Overall, I think the higher volatility is reflecting higher COVID-19 infection and death rates in the U.S. that have been trending up since mid-September. New infections are now over 64,000 per week, which is the highest since July. Additionally, it looks like the likelihood of an approved vaccine being available this year is fading. Investors are also realizing that there is little likelihood of federal stimulus being passed before election or even before end of the calendar year. The administration and House are fairly close in dollar value but there are a few sticking points regarding aid to states and local governments, testing and tracing, and earned income tax credits, and a few other areas. That said, the administration and House are still far from the Senate majority leader’s dollar value of $500 billion. It is unlikely that this gap will be narrowed in my opinion, especially since the Senate majority leader is not seemingly involved in any negotiations at this point.
Fear & Greed Index
I also track the Fear & Greed Index. There are seven indicators in the index. They are Put and Call Options, Junk Bond Demand, Market Momentum, Market Volatility, Stock Price Strength, Stock Price Breadth, and Safe Haven Demand.
The current reading is now at 62, which is in Neutral. The index moved up 7 points from last week after a 15 point gain the week before. Two weeks ago, the index was in Fear with a reading of 40.
Put and Call Options are signaling Extreme Greed with the volume of put options is low and lagging call options by 59.3%. Junk Bond Demand is also indicating Extreme Greed with a low spread of 2.134 over investment grade corporate bonds. Market Momentum is at Greed as the S&P 500 is 8.7% over its 125-0day average, which is more than normal. Market Volatility is Neutral. Safe Haven Demand is Neutral as stocks have outperformed bonds by 5.23% in the past 20 trading days, which is normal. The number of advancing issues is increasing but still within the normal range, so Stock Price Breadth is Neutral. Lastly, Stock Price Strength is signaling Fear as the number of stocks hitting 52-week highs compared to the number of stocks at 52-week lows is at the lower end of its range.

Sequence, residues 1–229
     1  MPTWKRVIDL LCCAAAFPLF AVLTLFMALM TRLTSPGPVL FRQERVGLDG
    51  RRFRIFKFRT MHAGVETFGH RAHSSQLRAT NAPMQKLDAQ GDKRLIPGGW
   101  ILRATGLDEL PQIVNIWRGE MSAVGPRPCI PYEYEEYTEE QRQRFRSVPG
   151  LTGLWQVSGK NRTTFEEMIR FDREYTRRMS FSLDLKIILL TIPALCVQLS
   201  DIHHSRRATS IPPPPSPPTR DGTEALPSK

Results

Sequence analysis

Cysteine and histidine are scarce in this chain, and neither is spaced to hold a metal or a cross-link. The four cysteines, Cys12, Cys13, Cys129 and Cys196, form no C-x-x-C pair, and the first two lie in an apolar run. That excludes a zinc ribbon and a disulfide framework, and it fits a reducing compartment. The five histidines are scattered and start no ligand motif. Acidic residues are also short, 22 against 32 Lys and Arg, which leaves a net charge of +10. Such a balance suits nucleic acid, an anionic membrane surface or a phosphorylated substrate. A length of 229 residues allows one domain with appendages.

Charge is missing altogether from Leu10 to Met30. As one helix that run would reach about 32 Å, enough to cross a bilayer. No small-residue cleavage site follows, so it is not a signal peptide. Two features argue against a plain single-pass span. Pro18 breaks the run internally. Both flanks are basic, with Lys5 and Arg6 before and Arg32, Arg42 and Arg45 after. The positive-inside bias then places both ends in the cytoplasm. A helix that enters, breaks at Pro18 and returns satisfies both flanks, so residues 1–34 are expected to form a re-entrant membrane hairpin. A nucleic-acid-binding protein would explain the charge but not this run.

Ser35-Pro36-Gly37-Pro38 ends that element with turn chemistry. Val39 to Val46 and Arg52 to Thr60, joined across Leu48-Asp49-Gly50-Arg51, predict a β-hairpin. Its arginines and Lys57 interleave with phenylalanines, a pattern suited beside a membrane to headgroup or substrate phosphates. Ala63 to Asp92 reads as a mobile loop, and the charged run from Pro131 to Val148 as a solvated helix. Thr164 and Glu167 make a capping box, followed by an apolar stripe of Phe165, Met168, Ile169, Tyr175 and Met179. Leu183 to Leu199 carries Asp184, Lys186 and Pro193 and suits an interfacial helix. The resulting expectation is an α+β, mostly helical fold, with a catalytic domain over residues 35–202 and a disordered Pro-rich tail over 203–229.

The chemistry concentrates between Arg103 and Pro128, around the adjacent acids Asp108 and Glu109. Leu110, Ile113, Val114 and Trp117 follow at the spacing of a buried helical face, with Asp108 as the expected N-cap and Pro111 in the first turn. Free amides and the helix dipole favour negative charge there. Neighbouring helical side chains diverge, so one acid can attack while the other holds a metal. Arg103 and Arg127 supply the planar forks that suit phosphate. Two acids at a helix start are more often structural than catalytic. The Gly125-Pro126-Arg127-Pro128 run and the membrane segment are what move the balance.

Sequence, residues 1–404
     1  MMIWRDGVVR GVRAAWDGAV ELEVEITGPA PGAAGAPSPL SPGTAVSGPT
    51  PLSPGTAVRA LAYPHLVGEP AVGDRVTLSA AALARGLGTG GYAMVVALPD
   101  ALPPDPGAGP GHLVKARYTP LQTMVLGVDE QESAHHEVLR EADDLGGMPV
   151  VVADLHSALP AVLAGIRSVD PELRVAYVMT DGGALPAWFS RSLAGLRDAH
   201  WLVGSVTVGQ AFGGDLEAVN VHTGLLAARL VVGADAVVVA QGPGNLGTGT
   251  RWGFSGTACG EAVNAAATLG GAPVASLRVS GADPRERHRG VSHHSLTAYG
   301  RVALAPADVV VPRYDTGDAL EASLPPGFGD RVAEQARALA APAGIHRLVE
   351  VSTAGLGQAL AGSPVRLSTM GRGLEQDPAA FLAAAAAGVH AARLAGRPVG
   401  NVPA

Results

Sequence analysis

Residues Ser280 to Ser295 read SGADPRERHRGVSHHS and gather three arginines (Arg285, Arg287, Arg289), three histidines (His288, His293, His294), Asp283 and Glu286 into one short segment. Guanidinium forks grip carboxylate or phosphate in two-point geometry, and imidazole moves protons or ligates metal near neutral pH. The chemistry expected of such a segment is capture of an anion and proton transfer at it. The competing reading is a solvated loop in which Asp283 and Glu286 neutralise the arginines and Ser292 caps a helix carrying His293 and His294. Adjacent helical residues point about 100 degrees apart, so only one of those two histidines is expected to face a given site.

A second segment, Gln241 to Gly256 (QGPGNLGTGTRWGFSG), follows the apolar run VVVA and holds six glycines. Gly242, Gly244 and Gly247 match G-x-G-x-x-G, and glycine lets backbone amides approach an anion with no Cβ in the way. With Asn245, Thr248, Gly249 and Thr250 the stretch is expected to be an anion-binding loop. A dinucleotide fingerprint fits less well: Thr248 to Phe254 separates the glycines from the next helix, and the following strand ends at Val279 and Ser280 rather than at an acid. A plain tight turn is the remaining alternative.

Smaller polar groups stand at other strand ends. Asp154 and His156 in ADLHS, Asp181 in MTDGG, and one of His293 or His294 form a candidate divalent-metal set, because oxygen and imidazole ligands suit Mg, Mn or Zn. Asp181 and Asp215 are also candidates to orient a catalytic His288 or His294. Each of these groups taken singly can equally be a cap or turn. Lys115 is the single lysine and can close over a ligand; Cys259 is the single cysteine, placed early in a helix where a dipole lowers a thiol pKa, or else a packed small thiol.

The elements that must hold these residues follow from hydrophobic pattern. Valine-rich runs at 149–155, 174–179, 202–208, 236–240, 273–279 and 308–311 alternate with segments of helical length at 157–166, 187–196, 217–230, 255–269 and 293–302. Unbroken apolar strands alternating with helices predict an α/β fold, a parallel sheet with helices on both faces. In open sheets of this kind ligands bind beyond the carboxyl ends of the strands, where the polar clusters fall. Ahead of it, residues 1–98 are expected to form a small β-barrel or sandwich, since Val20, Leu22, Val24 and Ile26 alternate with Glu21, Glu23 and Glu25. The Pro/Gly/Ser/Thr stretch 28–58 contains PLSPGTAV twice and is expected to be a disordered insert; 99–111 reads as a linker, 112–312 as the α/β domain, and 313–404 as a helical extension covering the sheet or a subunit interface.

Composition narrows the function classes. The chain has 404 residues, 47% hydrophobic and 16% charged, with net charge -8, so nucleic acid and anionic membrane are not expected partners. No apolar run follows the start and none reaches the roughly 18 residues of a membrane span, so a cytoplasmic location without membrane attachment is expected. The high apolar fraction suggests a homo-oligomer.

The number of weekly new unemployment claims were up with last week at 898,000. This is up 53,000 from last week’s revised numbers. We seem to be bouncing around between 800,000 and 900,000 for now. But for some perspective, one-year ago weekly unemployment claims were only about 218,000. Currently we are 4X the normal level. The seasonally adjusted insured unemployment rate was 6.8%. The weekly revised rate is now 7.5% to 7.7%
The ten states with the highest unemployment rates were Hawaii (17.9), California (16.1), Nevada (12.5), Puerto Rico (10.5), Louisiana (10.3), Georgia (10.1), New York (10.0), District of Columbia (9.1), Michigan (9.0), and New Mexico (8.8).
The Consumer Price Index for All Urban Consumers (CPI-U) increased 0.2% in September driven primarily by a 6.7% increase for used cars and trucks (the largest monthly increase since February 1969). Energy rose by 0.8%, while the natural gas increased by 4.2% for the month. All items besides food and energy rose 1.7% year-over-year. Food increased by 3.9% over the last 12 months, while the energy declined by 7.7% in the same time period.
The U.S. Commerce Department reported retail sales rose 1.9% in September, up from August’s increase of 0.6%. Excluding autos, the gain was only 1.5%. Clothing and accessories rose 11%, while sales in the sporting goods increased by 5.7%. Electronics and appliances fell by 1.6% over the August levels, which is a decline of 6.4% from the prior year.
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Prakash Kolli is the founder of the Dividend Power site. He is a self-taught investor, analyst, and writer on dividend growth stocks and financial independence. His writings can be found on Seeking Alpha, InvestorPlace, Business Insider, Nasdaq, TalkMarkets, ValueWalk, The Money Show, Forbes, Yahoo Finance, and leading financial sites. In addition, he is part of the Portfolio Insight and Sure Dividend teams. He was recently in the top 1.0% and 100 (73 out of over 13,450) financial bloggers, as tracked by TipRanks (an independent analyst tracking site) for his articles on Seeking Alpha.